Microsoft gives instructions for setting up a ReadyBoost drive for Windows 7, but this also works on more recent versions of the operating system. It’s worth a try if your computer feels poky.
8. Make a dead drop
A “dead drop” is spy-speak for a method of passing secret information. Berlin artist Aram Bartholl started a trend of USB flash drive “Dead Drops” that has since spread around the world.
People who participate leave USB drives in public, perhaps cemented into a wall or tied to a tree. Dead Drop users are encouraged to share their favorite files, whether it’s photography, a poem, or some other creation.
You can find out how to participate on Bartholl’s Dead Drops site. Just keep in mind that attaching your computer to an unknown USB drive comes with a lot of potential security risks, so you might want to use a secondary computer just for your Dead Drops activities.
9. Use it as the key to your computer
You can turn a USB drive into a key that unlocks your Windows computer by using Predator software. Download and install Predator on your PC and a flash drive. Once it’s set up, the computer will only work when the USB drive is plugged in.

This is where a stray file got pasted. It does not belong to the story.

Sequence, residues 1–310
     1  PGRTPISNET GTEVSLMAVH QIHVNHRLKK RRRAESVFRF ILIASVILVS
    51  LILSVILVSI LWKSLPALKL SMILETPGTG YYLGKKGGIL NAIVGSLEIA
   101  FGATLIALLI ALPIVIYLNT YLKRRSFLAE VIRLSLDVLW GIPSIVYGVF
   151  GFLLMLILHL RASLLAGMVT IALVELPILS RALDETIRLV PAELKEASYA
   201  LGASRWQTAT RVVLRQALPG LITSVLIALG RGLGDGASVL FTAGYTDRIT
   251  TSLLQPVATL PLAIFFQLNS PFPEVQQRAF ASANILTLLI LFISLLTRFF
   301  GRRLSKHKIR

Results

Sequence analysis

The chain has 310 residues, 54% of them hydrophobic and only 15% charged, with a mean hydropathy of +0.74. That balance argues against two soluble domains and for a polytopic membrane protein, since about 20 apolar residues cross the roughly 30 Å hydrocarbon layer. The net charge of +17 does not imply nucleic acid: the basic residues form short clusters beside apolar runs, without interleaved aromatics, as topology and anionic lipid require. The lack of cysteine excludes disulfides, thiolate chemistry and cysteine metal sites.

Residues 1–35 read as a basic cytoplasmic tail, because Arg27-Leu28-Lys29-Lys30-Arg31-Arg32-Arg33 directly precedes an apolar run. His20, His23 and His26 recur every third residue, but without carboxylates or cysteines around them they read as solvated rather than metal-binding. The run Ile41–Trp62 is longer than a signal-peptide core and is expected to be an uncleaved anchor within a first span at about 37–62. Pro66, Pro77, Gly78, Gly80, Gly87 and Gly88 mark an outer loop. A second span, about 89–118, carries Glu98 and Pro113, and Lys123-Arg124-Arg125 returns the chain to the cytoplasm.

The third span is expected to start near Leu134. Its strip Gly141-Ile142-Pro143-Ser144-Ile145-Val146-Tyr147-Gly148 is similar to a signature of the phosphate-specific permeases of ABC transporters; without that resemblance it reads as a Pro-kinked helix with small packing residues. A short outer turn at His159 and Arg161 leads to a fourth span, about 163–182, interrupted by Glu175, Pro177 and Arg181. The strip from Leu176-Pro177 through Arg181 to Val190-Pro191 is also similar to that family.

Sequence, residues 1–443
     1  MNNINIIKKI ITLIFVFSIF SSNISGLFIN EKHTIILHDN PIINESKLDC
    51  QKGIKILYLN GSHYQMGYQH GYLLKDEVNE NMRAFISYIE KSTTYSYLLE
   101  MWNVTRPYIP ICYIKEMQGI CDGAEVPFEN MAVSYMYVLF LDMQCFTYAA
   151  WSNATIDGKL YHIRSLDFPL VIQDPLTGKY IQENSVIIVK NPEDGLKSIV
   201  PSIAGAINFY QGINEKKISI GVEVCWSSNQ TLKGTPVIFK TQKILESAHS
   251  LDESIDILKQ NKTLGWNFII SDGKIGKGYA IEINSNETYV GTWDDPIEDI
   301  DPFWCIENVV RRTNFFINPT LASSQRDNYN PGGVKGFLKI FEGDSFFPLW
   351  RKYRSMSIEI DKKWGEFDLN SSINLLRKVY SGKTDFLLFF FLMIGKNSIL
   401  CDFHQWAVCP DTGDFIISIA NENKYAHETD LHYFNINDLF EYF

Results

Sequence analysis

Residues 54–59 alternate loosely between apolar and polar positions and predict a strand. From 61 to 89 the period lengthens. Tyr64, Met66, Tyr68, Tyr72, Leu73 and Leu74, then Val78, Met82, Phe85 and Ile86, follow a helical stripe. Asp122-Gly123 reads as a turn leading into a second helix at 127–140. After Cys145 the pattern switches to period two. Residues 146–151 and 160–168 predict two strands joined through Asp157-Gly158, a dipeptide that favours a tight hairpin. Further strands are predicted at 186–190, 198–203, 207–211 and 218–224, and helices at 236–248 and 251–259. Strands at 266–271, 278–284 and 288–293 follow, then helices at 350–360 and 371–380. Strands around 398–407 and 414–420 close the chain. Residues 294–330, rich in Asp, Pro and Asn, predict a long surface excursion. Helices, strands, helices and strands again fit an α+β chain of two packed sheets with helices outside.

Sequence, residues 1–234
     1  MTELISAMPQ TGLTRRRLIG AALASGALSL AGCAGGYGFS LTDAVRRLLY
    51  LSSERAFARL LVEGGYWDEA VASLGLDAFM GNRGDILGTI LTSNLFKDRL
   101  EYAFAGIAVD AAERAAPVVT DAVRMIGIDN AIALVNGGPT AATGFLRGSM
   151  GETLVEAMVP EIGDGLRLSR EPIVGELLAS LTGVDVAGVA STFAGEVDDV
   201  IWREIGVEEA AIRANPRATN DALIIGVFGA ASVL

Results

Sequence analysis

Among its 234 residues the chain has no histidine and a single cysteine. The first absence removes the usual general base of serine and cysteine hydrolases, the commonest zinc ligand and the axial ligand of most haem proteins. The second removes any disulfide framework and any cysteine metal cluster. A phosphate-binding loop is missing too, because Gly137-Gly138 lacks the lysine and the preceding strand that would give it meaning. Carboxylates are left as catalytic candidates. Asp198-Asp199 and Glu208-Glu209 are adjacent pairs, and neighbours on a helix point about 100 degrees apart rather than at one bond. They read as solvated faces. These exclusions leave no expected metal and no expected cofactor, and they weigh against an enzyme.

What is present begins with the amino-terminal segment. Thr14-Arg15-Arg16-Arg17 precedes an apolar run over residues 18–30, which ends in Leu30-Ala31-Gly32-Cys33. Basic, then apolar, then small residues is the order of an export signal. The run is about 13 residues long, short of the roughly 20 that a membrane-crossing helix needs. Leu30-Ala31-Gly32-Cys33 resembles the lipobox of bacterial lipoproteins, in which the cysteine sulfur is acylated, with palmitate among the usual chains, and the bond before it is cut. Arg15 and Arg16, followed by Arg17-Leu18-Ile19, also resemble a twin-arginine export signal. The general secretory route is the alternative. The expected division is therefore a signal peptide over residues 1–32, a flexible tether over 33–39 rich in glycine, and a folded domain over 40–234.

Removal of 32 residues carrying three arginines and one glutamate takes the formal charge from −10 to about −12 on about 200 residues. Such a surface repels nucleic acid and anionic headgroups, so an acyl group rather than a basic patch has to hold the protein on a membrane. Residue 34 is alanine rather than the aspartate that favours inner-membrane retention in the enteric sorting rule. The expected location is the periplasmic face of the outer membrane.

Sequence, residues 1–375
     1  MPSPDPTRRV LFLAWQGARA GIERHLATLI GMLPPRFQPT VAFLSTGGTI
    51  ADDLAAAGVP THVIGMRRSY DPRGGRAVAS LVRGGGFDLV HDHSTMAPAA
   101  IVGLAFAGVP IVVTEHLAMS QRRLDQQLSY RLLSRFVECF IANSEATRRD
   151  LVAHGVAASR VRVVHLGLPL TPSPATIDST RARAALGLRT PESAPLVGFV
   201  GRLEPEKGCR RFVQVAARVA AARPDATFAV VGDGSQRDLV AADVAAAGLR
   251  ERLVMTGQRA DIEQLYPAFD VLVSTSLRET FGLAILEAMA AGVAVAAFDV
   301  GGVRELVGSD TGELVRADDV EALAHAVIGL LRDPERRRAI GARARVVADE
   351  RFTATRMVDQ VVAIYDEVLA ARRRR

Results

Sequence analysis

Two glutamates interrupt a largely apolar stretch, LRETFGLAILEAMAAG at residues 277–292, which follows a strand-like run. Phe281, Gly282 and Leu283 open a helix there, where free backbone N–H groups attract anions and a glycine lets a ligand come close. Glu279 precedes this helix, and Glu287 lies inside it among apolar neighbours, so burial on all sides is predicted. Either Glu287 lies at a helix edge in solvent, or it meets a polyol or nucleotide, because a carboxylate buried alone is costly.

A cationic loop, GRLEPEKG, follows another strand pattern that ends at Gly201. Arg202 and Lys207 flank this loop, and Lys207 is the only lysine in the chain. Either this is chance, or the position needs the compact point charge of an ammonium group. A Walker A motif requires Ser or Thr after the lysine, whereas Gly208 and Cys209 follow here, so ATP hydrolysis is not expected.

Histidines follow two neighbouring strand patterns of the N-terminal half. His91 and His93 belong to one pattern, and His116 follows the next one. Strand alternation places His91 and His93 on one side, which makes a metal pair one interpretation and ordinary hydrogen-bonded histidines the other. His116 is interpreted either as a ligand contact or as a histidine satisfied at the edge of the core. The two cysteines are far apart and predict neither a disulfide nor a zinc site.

Pull it out and the display goes dark and the keyboard and mouse are disabled. Plug it back in to get back to work.
Predator can be used on multiple computers, so the same flash drive can unlock more than one machine.
You can also have several flash drives as keys for the same computer, so everyone in your family (or only certain members) can unlock a particular PC. Predator starts at $10 for the home edition.
10. Carry important files while traveling
You’re finally going on that overseas vacation of your dreams. Travel advisers always caution you to take backups of important documents, including your passport, ID, emergency contacts, itinerary, and ticket confirmations.
You can print out physical copies of all of these, but you can also store them on a small USB drive and attach it to a key ring, carry it in your purse or wallet, or store it in a secure spot in your carry-on luggage.